Improve pigmentation

Hyperpigmentation, or uneven skin tone, is the result of an increase in melanin production. This can be due to sun exposure, hormonal changes, age, medications, skin injuries, or disease.

Melanin is a natural pigment that contributes to your skin, hair, and eye color. When melanin isn’t dispersed evenly, it can cause melasma, sunspots, dark spots, and freckles.

Retinol and retinoid make skin pigmentation more even by dispersing melanin granules.

Retinol vs retinoid: Which should you use?

Retinol is essentially the training wheels for derm-grade retinoid. While they have similar skin benefits, you’ll see faster results with derm-grade retinoid over the same period.

When you buy retinol over the counter, you have no control over the formulation since it’s not regulated by the FDA, and it’s hard to figure out what’s right for your skin. By talking to a dermatologist, you can get the right retinoid formula tailored specifically to your skin.

If you have sensitive skin or skin concerns like psoriasis, you can still use derm-grade retinoids. In fact, Tretinoin is a proven component of an effective skincare routine to effectively treat psoriasis symptoms. Be sure to mention your concerns to your dermatologist so they can decide if a lower concentration first makes more sense. Minimize side effects by paying attention to your skin, and reduce application frequency if needed to let your skin adapt. Use moisturizer often to mitigate any side effects, and don’t forget sunscreen with an SPF of at least 30.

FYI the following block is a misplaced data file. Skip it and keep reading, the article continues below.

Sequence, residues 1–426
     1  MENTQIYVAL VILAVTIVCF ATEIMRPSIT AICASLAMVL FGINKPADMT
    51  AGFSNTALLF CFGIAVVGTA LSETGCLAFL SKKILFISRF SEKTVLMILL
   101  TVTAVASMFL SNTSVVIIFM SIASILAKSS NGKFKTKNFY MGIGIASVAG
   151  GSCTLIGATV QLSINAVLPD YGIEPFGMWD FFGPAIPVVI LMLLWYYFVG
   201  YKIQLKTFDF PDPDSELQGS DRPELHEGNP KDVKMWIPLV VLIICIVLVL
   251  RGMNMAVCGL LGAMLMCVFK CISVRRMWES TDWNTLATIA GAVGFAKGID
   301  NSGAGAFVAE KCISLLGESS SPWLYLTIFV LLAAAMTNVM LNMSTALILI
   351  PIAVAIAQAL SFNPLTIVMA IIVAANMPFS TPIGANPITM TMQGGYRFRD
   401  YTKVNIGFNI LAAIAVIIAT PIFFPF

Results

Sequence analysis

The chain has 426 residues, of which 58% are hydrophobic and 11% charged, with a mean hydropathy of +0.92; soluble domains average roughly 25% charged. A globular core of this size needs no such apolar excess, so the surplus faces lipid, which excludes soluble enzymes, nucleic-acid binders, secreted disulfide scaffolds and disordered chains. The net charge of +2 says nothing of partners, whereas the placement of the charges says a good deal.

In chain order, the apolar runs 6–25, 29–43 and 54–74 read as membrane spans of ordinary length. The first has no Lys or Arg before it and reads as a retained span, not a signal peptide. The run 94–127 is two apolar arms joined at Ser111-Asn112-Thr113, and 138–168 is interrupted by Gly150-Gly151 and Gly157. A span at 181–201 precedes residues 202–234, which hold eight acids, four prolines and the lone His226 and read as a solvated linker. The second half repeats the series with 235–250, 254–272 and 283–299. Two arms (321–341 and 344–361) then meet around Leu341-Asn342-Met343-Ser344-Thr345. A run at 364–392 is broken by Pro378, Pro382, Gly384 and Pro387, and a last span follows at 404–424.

While you’ll see faster results with derm-grade retinoid, if you’re not ready to dive in, you can start with a retinol product to see how your skin reacts or let your dermatologist know so that they can start you on a lower strength first.

Get smoother, healthier skin with Night Shift

By integrating retinoids into your skincare routine, you can improve the appearance of fine lines and wrinkles, minimize pores, decrease acne, make skin smoother, and improve pigmentation distribution. If you want potent results, you’ll start to see healthier, smoother, glowy skin within four to six weeks of using derm-grade retinoid. (Individual results may vary.) And regardless of how quickly you see initial results, you’ll continue to see better results over time until it becomes about prevention. Retinoids continue working to keep your skin healthy.

The most effective retinoid can’t be store-bought. Dear Brightly’s service brings an online provider to you. Night Shift is a dermatologist-formulated retinoid tailored to your skin.

Tretinoin, the active ingredient in Night Shift, is 20 times more potent than retinol and the only FDA-approved retinoid for photoaging.

Get started by sharing your skin and skin history in your Skin Profile. Your doctor will evaluate your Skin Profile and write a prescription for your tailored retinoid serum, if applicable. Your tailored retinoid serum will be delivered to you in the mail.